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Moderate‑intensity exercise alters markers of alternative activation in circulating monocytes in females: a putative role for PPARγ

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journal contribution
posted on 2022-12-12, 12:49 authored by J. S. Ruffino, N. A. Davies, Keith Morris, M. Ludgate, L. Zhang, Richard Webb, A. W. Thomas


Purpose: Monocytes may be primed towards differentiation into classically activated M1 macrophages or alternatively activated M2 macrophages. M1 macrophages greatly contribute to the inflammation which promotes insulin resistance, whereas M2 macrophages resolve inflammation. We have previously shown that exercise increases M2 marker expression in mixed mononuclear cells, possibly via activation of the nuclear transcription factor PPARγ. However, these effects have not been demonstrated specifically within monocytes. Thus, we aimed to investigate whether moderate-intensity exercise elicited similar effects on monocytic M1/M2 marker expression and PPARγ activity to those reported previously in mononuclear cells, so as to further elucidate the mechanisms by which exercise may alter inflammatory status and, accordingly, prevent insulin resistance.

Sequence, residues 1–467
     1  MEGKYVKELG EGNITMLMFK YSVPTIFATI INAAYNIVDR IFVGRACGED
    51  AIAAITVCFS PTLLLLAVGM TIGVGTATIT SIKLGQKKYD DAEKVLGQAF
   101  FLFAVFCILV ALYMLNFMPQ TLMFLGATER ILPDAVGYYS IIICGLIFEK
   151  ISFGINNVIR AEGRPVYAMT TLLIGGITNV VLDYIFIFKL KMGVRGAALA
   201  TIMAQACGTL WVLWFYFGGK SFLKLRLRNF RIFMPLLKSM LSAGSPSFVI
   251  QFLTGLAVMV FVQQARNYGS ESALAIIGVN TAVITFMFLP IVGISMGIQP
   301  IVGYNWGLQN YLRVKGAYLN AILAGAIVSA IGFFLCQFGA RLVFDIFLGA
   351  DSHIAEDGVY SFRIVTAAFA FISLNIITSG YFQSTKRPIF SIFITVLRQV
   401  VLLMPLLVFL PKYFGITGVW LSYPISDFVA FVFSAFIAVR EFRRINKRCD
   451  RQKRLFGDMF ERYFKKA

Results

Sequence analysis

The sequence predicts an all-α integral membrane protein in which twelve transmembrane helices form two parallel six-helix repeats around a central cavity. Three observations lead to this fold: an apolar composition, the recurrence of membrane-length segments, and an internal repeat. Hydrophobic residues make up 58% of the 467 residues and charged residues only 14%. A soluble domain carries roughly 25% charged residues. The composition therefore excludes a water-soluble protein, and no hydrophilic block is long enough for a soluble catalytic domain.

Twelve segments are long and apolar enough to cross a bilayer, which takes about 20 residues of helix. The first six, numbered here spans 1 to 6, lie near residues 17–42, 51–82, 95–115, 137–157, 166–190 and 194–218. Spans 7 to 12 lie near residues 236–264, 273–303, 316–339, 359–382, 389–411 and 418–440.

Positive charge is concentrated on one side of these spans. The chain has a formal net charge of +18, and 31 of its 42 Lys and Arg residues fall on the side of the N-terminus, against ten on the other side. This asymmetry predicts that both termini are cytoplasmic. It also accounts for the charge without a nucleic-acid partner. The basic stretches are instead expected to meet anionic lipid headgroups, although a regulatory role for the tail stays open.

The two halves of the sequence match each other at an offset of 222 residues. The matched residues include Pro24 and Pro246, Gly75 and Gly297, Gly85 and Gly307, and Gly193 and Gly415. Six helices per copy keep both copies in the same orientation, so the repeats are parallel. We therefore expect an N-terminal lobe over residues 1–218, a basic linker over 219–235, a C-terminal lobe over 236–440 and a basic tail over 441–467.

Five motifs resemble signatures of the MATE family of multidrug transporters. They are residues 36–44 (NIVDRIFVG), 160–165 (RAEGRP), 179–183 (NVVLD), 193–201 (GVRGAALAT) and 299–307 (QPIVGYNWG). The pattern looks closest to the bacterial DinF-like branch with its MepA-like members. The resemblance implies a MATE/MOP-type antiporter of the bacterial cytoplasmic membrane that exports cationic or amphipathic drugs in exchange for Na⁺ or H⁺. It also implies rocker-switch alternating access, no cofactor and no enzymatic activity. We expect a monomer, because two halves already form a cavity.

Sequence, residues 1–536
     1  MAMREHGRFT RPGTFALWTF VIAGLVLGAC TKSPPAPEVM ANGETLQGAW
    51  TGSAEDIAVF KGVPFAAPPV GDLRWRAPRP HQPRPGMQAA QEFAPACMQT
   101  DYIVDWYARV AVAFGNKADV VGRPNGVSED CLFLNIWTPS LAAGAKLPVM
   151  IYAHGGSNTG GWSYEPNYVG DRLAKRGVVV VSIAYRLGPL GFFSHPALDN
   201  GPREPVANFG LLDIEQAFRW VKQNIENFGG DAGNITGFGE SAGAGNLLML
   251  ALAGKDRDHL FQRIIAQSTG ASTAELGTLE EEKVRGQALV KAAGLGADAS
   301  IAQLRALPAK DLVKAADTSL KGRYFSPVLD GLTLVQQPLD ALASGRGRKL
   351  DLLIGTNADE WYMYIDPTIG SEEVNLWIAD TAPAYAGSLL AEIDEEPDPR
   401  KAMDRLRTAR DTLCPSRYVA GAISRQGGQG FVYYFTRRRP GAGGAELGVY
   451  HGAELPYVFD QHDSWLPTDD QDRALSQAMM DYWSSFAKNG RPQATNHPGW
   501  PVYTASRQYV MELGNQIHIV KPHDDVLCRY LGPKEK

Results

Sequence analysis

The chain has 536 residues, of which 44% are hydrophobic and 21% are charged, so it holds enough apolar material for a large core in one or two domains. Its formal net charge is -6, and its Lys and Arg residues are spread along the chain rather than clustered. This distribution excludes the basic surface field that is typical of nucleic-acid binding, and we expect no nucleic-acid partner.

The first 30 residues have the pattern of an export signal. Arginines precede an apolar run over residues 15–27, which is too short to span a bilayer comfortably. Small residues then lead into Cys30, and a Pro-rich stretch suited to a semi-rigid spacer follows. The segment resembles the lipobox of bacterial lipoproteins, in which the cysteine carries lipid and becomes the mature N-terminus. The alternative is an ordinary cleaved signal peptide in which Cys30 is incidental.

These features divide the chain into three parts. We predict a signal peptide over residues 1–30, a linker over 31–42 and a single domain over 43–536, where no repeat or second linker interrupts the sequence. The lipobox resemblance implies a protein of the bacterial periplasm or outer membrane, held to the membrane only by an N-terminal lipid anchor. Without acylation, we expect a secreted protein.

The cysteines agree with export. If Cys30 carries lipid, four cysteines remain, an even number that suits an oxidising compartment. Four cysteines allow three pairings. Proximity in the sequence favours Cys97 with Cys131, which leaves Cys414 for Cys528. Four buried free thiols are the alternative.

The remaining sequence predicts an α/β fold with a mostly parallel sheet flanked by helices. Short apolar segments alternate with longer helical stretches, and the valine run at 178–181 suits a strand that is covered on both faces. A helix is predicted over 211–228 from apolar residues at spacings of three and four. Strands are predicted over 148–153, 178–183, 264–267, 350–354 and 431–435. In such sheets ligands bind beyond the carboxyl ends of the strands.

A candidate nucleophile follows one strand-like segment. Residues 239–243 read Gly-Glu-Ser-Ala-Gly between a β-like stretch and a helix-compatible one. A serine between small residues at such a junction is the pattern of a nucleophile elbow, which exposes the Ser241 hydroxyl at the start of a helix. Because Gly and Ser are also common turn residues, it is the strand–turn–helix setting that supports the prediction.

Methods/results: 19 sedentary females completed an 8 week moderate-intensity exercise programme (walking 45 min, thrice weekly). Monocytes were isolated from blood via immunomagnetic separation; monocyte expression of M2 markers (Dectin-1: 2.6 ± 1.9-fold; IL-10: 3.0 ± 2.8-fold) significantly increased, whilst the expression of the M1 marker MCP-1 significantly decreased (0.83 ± 0.2 cf. basal), over the duration of the programme. Serum PPARγ activity levels and PPARγ target-genes (CD36: 1.9 ± 1.5-fold; LXRα: 5.0 ± 4.7-fold) were significantly increased after the 8 week exercise programme. Associated with these effects were significant improvements in systemic insulin sensitivity (McAuley's ISI: Δ0.98 M/mU/L cf. basal).

Conclusion: Exercise participation suppressed M1 markers and induced M2 markers in monocytes, potentially via PPARγ-triggered signalling, and these effects may contribute (perhaps via priming of monocytes for differentiation into M2 tissue-macrophages) to improved systemic insulin sensitivity in exercising participants. These findings provide an alternative mechanism by which exercise may exert its anti-inflammatory effects in order to prevent insulin resistance and type 2 diabetes.


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European Journal of Applied Physiology




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Ruffino, J.S., Davies, N.A., Morris, K., Ludgate, M., Zhang, L., Webb, R. and Thomas, A.W. (2016) 'Moderate-intensity exercise alters markers of alternative activation in circulating monocytes in females: a putative role for PPARγ', European Journal of Applied Physiology, pp.1-12.

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  • Cardiff School of Sport and Health Sciences

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  • Cellular Senescence and Pathophysiology

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